Developer clears unsold units by adapting products to customers' needs

PETALING JAYA: Its personalised service and social media engagement with customers have helped property developer Oriental Interest Bhd clear off some unsold units from its projects in the current market downturn. 

As the property development industry became more competitive and as more young staff joined the company, the developer had decided in 2018 to create a new brand approach called Myra focusing on new homebuyers. 

Myra takes a personalised approach in serving its customers in order to best know and meet their needs, said Myra head of marketing and branding Ken Goh.

“As we build a relationship with the customer, we get to know more about them. This helps us develop the right product for them,” he added.

One could step into a sales gallery and be interested in buying a high-end product that has everything he or she desires without knowing that they could ill-afford such an expensive property. 

“We have encountered some homebuyers who thought the selling price is only what they need to pay to own a property. They have no idea about the calculation of interest rate for the housing loan, legal fees, stamp duty for the strata title transfer and the maintenance fees that they will need to pay in the future. We hope to educate them even before they sign on the dotted line,” explained Goh.

“We want to know more about our customers and hope to make the process of owning a property a happy one and not land them in agony,” added Myra general manager of sales and marketing Wendy Lim.

To achieve the objective, instead of offering product information, the sales personnel would instead ask buyers more personal questions such as whether he or she is married; how many children and where are the children studying; where they shop for groceries and others. Their responses can help gauge their financial capabilities and the kind of property they need, not want.

The Central Credit Reference Information System (CCRIS) enquiry service is also available for interested buyers. It serves to help homebuyers have a better understanding of their financial strengths.

“If the CCRIS report shows that the interested buyer is heavily in debt, instead of selling our property, we would advise him/her to reduce certain debts before trying to submit their loan application or place a booking with us,” noted Lim.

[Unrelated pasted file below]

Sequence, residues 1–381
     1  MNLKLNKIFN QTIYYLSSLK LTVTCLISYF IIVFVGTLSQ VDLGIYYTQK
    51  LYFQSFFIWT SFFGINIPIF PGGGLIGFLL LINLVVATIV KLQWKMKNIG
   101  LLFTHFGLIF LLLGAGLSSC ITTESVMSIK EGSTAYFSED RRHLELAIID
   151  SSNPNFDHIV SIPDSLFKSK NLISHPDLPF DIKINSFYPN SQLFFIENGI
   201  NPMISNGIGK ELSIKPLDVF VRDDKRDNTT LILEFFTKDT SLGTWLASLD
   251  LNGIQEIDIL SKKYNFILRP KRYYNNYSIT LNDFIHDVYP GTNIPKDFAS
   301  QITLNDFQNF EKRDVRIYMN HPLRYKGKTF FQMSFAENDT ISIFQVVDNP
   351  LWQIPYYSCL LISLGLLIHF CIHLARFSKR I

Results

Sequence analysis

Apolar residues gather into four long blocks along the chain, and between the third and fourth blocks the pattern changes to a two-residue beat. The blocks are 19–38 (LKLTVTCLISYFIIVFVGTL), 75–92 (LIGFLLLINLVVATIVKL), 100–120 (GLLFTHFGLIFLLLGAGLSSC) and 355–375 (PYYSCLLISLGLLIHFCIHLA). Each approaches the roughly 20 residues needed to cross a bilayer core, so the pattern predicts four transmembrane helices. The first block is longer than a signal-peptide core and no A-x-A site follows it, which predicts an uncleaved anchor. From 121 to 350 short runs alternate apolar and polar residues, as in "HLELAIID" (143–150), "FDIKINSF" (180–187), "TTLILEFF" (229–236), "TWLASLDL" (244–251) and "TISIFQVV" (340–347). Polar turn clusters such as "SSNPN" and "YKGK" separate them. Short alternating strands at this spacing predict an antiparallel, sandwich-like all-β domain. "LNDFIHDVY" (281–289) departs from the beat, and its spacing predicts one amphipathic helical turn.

Myra also gathers feedback by talking to buyers or interested purchasers personally to understand their concerns.

This approach has helped OIB clear some unsold units in certain projects that are completed such as Seroja Hills condominium in Salak Tinggi, Selangor which has seen the remaining 50 units sold when the sales team came up with a new homeownership package after talking to prospective buyers.

“The moving-in cost was their main concern as most of them do not have the budget for renovations and necessary electrical appliances. Hence, we repackaged the product into ready move-in units with no extra cost needed to own the house, and it worked,” Lim said.

The company also used the same method to understand customers’ budgets and space utilisation. The information collated has helped the developer create products at a suitable price.

Myra currently has four townships under its belt – Myra Saujana in Dengkil, Myra Meranti in Puchong along with Myra Alam in Puncak Alam and Myra Putra in Desa Pinggiran Putra, with more projects on the way including Myra Gardens in Rawang and Myra Vista in Bandar Baru Salak Tinggi.

In February this year, the company unveiled the third phase in Myra Alam offering 52 units of terraced houses with selling prices starting from RM480,000. Unfortunately, the Covid-19 outbreak and the ensuing Movement Control Order kicked in March 18, disrupting the launch.

“It was a bit tough initially. Fortunately, we had moved our operations online two years ago. Even working remotely, we were still able to shift our marketing focus from physical to online.

“Social media and messaging application engagement with customers is a must. We also use other ways to introduce our products such as videos. These actually helped to maintain our sales. We actually received 89 bookings through virtual engagement in April and May,” said Goh.

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This story first appeared in the e-Pub on June 19, 2020. You can access back issues here.

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